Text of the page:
I start thinking about Thanksgiving on the first day of November. Who will be at my table and what delicious foods will be served.

But yesterday was All Saints Sunday. We remembered those we love who have left this life in the past year. Their names were called as a candle was lit and the bell tolled. We remembered all of those people who have gone on in the past, giving thanks for their lives and their impact on our lives of faith. It is a day of remembrance. It is a day of hope. We face the future without them, but look to the day when we will see them again.

Being part of a service like this is reminder of our statement of faith. And a statement of faith is important to someone going through this process of grief. Because grief twists us and turns us in directions that make us writhe in pain, make us wonder, make us uncertain of who we are.

And we falter and become uncertain of what we truly believe.

And somewhere in our twisted, painful grief, we decide down in our soul who we will be.

And the heightened emotions around the holidays make it all more intense.

I think we have four choices:

We will hold fast to our faith and dig deeper to know God better. We experience a peaceful sort of joy in our sorrow. It is through our trust in Jesus Christ that the Holy Spirit can minister to us and help us through the difficulty of grief.

We will walk away from our faith, blaming God for not healing or protecting our loved one. We become cynical,bitter, and angry. But God never gives up trying to get our attention.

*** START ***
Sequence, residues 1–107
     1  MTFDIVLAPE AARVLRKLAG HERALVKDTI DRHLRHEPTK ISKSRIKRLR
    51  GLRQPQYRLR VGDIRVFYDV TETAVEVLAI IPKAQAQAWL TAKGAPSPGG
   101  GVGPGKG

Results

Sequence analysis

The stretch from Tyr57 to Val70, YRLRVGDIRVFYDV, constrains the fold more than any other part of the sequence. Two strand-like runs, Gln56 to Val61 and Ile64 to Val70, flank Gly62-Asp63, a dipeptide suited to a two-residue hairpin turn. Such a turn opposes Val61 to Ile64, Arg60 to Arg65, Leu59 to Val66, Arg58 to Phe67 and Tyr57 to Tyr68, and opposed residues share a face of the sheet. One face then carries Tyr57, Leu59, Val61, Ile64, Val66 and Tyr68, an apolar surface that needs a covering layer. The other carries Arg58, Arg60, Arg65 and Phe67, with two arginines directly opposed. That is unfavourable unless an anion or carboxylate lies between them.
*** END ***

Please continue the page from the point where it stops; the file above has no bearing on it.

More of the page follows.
We will experience faith in Christ for the very first time. We start to grow in trust and love.Our priorities change and God begins to reveal himself to us more and more. We have found something to cling to that is real and eternal. We have hope.

We will decide to not decide, but stay on the fence, retreat and wonder, living an undecided life. We have heard the Good News of Christ, but just can’t quite believe that Jesus died for us and has provided a way where death is not our final destiny.

Right now is a good time to decide who you will be in your grief. In a few weeks, we will be sharing the Thanksgiving table with those we still have with us. Who will you be at that table? Will love and peace abound along with platters of food? Will gratitude be abundant?

It’s your grief. You choose.

Marcia Gaddis

Marcia Gaddis

Marcia Gaddis is the author of the award-winning book, When God Comes Near, published in 2010. She writes a weekly column for her blog, The Olive Branch, and has been writing for three years. New in her craft, she began writing an online journal when her 25-year old daughter was diagnosed with the rare and fatal Creutzfeldt-Jakob disease. The journal became a book that offers hope and healing to those who choose to read a painful story. At the 2011 Blue Ridge Mountains Christian Writers Conference in Asheville, North Carolina, her first non-fiction book was awarded three distinguished awards: First Place for Inspiration, The Selah Book of the Year Award and the Director's Choice Award for 2011. She has worked as a Home Economist for the University of Georgia and as the co-host for the gardening television show Backyard America. She attends Peachtree Road United Methodist Church in Atlanta and serves on the board of Kindred Spirit, a non-profit program for pregnant young women in Atlanta. She is married with two adult children and and tries to write and work in her garden every day.

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